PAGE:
From The Word of God and the Mind of Man by Ronald H. Nash.
“For twenty years or so, as a friendly critic of Van Til’s views, I have maintained that Van Til’s position entails scepticism. …” (p. 100)
“Only recently, however, have I come to understand that Van Til had developed his own version of the Dooyeweerdian Boundary between the human mind and the mind of God. To his credit, Van Til has not wavered from his earlier conviction that humans can have knowledge about God. Van Til has always contended earnestly for the doctrine of propositional revelation. His position has been that we can know only what God has explicitly revealed. I once asked Van Til if, when some human being knows that 1 plus 1 equals 2, that human being’s knowledge is identical with God’s knowledge. The question, I thought, was innocent enough. Van Til’s only answer was to smile, shrug his shoulders, and declare that the question was improper in the sense that it had no answer. It had no answer because any proposed answer would presume what is impossible for Van Til, namely, that laws like those found in mathematics and logic apply beyond the Boundary. Van Til rejects the presumption that a person might know something about the mind of God that was not the product of special revelation. Unlike Van Til, few Christians have any difficulty affirming the following three propositions: (a) 1 plus 1 equals 2; (b) God knows that 1 plus 1 equals 2; and (c) when a human being knows that 1 plus 1 equals 2, his or her knowledge is identical with God’s knowledge of the same proposition. It makes more sense to reject the sceptical premises of Van Til’s position than it does to deny any of these three claims.” (p. 100)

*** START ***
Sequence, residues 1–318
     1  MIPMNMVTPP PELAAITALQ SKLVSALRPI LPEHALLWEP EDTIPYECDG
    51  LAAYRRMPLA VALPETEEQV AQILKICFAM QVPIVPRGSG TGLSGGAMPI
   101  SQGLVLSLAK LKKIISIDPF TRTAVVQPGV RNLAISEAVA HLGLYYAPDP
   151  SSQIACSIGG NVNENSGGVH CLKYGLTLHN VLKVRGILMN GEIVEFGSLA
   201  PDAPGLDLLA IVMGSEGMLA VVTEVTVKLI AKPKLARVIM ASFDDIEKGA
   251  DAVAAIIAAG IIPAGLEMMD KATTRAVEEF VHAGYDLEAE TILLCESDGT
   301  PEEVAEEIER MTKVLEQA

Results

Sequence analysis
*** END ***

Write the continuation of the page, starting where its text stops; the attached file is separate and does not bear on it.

“At this point, of course, Van Til and his followers charge that my position entails a denial both of God’s sovereignty and His incomprehensibility. The charge is ridiculous. Like Gordon Clark, I am not moved by specious appeals to Scripture texts like Isaiah 55:8-9. … While obviously we do not know everything, what we do know must be identical with what God knows.” (p. 100-101)
“As one might expect, it is difficult for anyone holding a position like Van Til’s to be consistent. In A Christian Theory of Knowledge, Van Til warns that one must not take the biblical teaching about divine sovereignty and human responsibility as a logical contradiction. On page 38 of the same book, he admits that the presence of a logical contradiction in the Bible would count as evidence against the Bible’s claim to be the Word of God. In these passages, Van Til does what he himself says is impossible; he applies the law of noncontradiction on both sides of the Boundary.” (p. 101)
“In conclusion, one can ask how Van Til knows that no proposition can mean the same thing to God and to a human, that our knowledge and God’s knowledge do not coincide at any point. This very knowledge claim says something about what lies beyond the Boundary. While the assorted rejections of logic found in the writings of Torrance, the followers of Dooyeweerd, and Van Til are (because of their sincere motives) pious nonsense, they are still nonsense.” (p. 101)